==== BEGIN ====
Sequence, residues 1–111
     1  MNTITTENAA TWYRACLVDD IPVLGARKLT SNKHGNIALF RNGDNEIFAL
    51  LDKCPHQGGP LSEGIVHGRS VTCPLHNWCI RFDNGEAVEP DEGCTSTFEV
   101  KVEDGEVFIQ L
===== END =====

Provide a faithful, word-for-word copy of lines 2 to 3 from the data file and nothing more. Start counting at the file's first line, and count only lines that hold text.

     1  MNTITTENAA TWYRACLVDD IPVLGARKLT SNKHGNIALF RNGDNEIFAL
    51  LDKCPHQGGP LSEGIVHGRS VTCPLHNWCI RFDNGEAVEP DEGCTSTFEV